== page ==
Before getting started with a coin collection, you should research and see which storage method will work best for your collection and budget. Fortunately, you have many options; each has advantages and disadvantages. If you have a local coin shop, they may be able to help you make your decision.
First, you need to decide where you will store your coins. Excessive heat, cold, or moisture may damage coins. When you’re starting your collection, it’s fine to keep it in your bedroom: coins respond well to the same basic conditions that humans do. When your collection gets more expansive, you may want to consider a safety deposit box. Avoid storing coins in attics or basements; it’s also inadvisable to store them in a freezer, as some have recommended, as this is now one of the first places thieves look when robbing a home. Along these same lines, be careful if you decide to talk to anyone about where you keep your collection; thieves have been known to stalk collectors to gain access to a collection.
Once you’ve decided where to store your collection, it’s time to think about individual coins. The first rule is always to use supplies specifically designed for coins. Many non-coin items have chemical or other properties that can severely affect the value of your coins; items made for coin-collecting will be formulated to avoid this. If your storage system contains plastic with PVC, you will want to change it immediately, as PVC has a very negative effect on coins. Once you’ve moved your collection to a more stable system, dispose of the plastic entirely, as even fumes from it can seep into your collection.
You can use plastic or paper coin flips for a short time, but they are not airtight, so it’s recommended not to store in these flimsy items for long. If you’ve got a lot of coins of a certain type that aren’t your most valuable, you can keep them in hard plastic coin tubes. These are inexpensive and offer good protection for your coins. Remember, a good coin is an investment, so it’s worth the cost and effort to protect them.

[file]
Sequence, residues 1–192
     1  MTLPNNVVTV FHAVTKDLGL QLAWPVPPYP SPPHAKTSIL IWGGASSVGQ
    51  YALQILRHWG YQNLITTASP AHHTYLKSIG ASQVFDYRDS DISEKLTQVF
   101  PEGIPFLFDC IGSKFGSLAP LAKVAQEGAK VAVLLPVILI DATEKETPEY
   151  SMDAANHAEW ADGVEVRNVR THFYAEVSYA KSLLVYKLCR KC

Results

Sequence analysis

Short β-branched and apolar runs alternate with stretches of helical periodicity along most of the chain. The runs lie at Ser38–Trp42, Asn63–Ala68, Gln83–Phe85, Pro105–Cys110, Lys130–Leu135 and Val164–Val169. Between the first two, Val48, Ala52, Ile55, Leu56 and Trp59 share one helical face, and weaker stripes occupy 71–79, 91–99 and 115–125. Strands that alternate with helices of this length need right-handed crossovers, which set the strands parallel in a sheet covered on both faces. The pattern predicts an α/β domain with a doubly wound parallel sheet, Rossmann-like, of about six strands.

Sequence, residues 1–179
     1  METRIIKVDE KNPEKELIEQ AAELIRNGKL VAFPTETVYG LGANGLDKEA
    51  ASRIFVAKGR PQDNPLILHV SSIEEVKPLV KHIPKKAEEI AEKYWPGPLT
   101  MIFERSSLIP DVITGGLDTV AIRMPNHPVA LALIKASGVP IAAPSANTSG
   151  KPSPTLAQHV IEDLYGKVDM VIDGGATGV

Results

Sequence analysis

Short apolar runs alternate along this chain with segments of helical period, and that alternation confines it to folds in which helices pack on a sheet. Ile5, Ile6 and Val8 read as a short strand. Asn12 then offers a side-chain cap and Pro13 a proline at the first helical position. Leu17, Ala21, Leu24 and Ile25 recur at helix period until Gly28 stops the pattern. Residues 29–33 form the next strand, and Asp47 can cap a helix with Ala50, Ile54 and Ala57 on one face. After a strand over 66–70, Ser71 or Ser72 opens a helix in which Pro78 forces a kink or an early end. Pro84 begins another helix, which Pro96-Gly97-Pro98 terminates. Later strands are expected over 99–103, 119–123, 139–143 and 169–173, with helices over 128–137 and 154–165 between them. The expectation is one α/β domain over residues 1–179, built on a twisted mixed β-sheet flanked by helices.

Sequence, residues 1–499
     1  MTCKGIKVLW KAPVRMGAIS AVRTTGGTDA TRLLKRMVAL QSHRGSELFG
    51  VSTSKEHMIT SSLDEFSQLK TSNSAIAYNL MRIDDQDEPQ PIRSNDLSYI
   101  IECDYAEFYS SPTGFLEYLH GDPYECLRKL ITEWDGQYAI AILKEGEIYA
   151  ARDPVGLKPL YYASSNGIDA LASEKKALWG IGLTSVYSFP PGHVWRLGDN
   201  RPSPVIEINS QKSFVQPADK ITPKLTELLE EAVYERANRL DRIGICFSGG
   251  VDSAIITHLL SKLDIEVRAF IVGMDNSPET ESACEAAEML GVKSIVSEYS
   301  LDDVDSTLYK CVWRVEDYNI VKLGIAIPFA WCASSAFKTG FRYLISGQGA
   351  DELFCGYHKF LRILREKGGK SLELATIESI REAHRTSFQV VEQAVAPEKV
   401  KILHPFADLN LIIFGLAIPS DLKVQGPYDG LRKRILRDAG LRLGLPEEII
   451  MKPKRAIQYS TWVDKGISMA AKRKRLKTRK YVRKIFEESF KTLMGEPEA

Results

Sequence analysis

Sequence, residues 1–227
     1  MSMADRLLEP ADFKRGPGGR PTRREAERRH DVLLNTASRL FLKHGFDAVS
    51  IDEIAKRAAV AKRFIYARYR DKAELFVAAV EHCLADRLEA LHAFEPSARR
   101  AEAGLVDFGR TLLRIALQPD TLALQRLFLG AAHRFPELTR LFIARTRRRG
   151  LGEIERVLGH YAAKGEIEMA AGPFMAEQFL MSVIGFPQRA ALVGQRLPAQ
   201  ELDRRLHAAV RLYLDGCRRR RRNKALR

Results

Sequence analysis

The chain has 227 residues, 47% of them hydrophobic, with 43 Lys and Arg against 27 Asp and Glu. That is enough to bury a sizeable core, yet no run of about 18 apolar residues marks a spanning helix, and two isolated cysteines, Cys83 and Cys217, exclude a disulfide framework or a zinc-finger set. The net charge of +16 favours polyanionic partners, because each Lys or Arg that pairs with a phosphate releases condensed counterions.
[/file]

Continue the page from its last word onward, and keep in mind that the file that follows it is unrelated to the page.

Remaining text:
Cardboard holders with Mylar windows are another solution. If you choose this method, make sure to staple the holders very carefully, being sure not to get the staples too close to the coin. It’s best to use stainless steel staples, to avoid the danger of rust.
Coin boards and folders are a good option for circulated coins that have some wear on them, but it’s not recommended to use them for proof or uncirculated coins, as coins can receive light damage in these holders. Album pages allow you to see both sides of a coin, but coin movement in the plastic can cause scratches; again, these are fine for circulated coins, but do not use them for proof or uncirculated coins. Some albums are specially designed to hold coins inert, and these are acceptable for proof and uncirculated coins.
The best coin protection is a hard case known as a slab, but this can be an expensive process, so it may be best to reserve this only for your prized coins that may suffer damage in another storage system. Coins are slabbed after being professionally graded by a third party not involved in buying or selling the coin; this helps to assure the buyer that the grade is accurate, and that the coin has not deteriorated after the grading. You can send coins to professional services to be graded and slabbed, for a fee. This process is also referred to as “encapsulation.” Both PCGS and NGC offer industry-standard third-party grading and encapsulation services.
Avoid storing coins in bags, or in paper or soft plastic tubes. These are likely to allow damage to your coins, without offering any protection from the environment. Never store any coin in aluminum foil: moisture in the air can react with the cheap metal and cause corrosion, damaging a coin beyond repair.
Use gloves when handling a coin, and only touch the edges; this will prevent any oils in your fingers from being transferred to the coin and tarnishing it. If your coin came in a holder, keep it in that holder, unless it is unsafe or not adequately protecting the coin.